Delayed diagnosis claims are among the most common cases brought to the attention of a medical malpractice lawyer in Bronx and elsewhere. It is something that Washington Post correspondent Roni Caryn Rabin is surely knowledgeable about—it happened to her mother, after all.
Rabin’s mother, Pauline, began exhibiting what was earlier thought to be signs of conventional dementia: losing her sense of balance, walking with an odd gait, and repeated falling. It took nearly 10 years for doctors to get the condition right. Pauline Rabin was actually suffering from a condition known as normal pressure hydrocephalus (NPH)—the effects of which may have advanced far enough in the 10 years of the diagnostic process, that some damage may have become irreversible.
Delayed diagnosis and misdiagnosis are closely related, although technically, they involve different facets. Misdiagnosis denotes an erroneous identification of a disease, leading to unnecessary or improper treatment. Delayed diagnosis, on the other hand, denotes the lack of adequate treatment because the correct condition could not be identified in a timely manner. Both are disastrous situations especially for extremely time-sensitive conditions.
An estimated 40,000 patients die each year from delayed diagnosis or misdiagnosis. Among the most commonly reported causes of delayed diagnosis include patients not being promptly confined to a facility, medical staff not recognizing/overlooking various symptoms, vital tests not being conducted, and dismissing patient concerns. In several time-sensitive conditions like cancer, a diagnostic delay can result in death, which may have been averted through early treatment.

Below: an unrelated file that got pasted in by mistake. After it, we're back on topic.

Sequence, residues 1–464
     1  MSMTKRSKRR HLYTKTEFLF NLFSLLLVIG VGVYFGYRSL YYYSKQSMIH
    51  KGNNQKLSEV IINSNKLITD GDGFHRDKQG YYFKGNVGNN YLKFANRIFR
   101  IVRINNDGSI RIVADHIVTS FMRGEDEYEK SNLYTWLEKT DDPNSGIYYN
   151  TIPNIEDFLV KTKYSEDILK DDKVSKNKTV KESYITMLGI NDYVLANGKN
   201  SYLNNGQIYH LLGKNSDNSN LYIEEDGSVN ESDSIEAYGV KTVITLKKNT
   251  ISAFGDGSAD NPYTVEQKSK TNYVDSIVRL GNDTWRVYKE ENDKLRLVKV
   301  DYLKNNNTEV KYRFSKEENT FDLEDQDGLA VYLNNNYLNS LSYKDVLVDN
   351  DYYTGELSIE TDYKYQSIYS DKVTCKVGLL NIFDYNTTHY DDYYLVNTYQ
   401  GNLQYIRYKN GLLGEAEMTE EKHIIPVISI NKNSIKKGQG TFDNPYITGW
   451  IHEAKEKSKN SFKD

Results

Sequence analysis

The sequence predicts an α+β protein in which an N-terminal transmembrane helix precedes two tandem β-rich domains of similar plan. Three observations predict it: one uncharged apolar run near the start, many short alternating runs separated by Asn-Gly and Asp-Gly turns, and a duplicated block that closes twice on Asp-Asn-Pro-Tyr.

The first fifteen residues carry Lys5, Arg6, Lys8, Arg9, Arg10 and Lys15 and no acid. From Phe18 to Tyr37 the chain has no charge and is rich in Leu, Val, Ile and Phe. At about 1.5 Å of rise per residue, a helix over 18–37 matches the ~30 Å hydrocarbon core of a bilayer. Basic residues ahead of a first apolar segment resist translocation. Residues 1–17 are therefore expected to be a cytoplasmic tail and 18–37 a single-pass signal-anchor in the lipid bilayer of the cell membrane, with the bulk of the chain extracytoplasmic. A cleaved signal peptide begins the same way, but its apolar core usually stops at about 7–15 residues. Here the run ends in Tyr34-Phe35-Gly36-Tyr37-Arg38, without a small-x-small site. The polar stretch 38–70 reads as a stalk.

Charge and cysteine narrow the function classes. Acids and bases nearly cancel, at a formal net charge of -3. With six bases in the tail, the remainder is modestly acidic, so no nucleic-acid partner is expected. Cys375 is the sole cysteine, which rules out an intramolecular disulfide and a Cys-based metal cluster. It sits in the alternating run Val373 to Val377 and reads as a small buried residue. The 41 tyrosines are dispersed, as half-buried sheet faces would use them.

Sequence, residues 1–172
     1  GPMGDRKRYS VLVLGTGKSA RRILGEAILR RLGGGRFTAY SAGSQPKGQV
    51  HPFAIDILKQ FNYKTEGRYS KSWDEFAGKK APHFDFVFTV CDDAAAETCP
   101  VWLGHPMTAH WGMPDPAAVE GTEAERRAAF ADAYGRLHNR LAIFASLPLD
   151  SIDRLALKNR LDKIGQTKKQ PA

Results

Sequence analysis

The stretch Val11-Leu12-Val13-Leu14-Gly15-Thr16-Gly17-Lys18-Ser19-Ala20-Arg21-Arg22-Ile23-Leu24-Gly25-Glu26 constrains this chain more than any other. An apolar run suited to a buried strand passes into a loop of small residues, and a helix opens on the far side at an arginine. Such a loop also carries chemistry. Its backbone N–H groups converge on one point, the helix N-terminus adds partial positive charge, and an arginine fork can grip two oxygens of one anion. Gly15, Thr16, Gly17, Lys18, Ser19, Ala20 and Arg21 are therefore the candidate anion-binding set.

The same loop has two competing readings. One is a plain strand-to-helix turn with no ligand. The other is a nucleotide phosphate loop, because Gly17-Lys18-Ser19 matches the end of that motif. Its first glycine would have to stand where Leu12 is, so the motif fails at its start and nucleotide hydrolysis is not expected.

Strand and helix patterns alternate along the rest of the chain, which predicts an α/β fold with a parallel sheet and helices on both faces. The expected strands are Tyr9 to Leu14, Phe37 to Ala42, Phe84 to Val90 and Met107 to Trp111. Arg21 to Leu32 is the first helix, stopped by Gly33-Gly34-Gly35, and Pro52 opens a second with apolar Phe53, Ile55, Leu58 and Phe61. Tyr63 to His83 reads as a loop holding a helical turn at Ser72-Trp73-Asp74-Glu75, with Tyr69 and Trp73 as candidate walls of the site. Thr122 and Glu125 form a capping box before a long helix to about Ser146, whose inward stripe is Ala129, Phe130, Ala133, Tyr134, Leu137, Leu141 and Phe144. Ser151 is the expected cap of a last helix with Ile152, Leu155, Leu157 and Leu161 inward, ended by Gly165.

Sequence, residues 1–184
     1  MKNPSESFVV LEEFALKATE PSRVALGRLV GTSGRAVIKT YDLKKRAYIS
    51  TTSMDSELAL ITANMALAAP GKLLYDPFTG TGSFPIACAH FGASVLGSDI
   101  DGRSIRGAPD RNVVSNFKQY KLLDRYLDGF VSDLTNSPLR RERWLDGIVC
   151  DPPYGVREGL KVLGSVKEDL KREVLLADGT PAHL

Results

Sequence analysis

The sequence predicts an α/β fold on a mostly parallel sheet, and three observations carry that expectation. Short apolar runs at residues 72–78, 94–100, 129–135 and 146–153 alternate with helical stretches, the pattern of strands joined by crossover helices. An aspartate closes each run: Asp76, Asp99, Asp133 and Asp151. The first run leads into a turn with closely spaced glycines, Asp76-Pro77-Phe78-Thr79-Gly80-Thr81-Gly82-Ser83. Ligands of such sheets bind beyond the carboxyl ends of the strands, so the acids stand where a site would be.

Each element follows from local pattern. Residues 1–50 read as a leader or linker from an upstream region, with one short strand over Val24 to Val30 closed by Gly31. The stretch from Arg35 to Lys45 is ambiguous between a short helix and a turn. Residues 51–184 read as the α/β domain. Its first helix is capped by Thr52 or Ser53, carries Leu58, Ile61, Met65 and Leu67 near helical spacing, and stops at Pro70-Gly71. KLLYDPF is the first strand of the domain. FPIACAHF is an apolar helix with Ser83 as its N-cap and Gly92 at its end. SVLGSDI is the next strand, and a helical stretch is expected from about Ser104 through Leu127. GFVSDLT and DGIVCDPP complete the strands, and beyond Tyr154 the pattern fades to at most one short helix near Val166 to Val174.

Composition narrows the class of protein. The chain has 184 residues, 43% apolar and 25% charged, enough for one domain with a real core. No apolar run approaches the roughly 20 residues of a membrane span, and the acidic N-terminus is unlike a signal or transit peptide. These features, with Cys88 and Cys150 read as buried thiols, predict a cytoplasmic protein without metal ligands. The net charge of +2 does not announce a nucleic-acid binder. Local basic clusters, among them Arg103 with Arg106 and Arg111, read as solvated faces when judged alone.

Proving medical malpractice due to delayed diagnosis is difficult, since the law doesn’t automatically hold doctors responsible. Patients and/or immediate families looking to hold somebody liable must prove three basic points: the presence of a doctor-patient relationship, negligence (failing to render treatment in a competent manner), and the consequences of the negligence.
Of all three points, the most difficult to prove is the doctor’s negligence. In delayed diagnosis cases, a patient must substantially show that another doctor who exercises “reasonable care” would have made a more prompt diagnosis under the same conditions, which could have prevented great harm.
Diagnostic errors may not be intentional, but they can have devastating consequences on patients and their families. If you believe you or your loved one suffered from delayed diagnosis, an experienced Bronx medical malpractice lawyer from firms like the Law Offices of Joseph Lichtenstein can help you seek the justice you deserve.
(Source: Her Mother Seemed To Have Classic Dementia. Or Did She? Washington Post, March 2, 2015)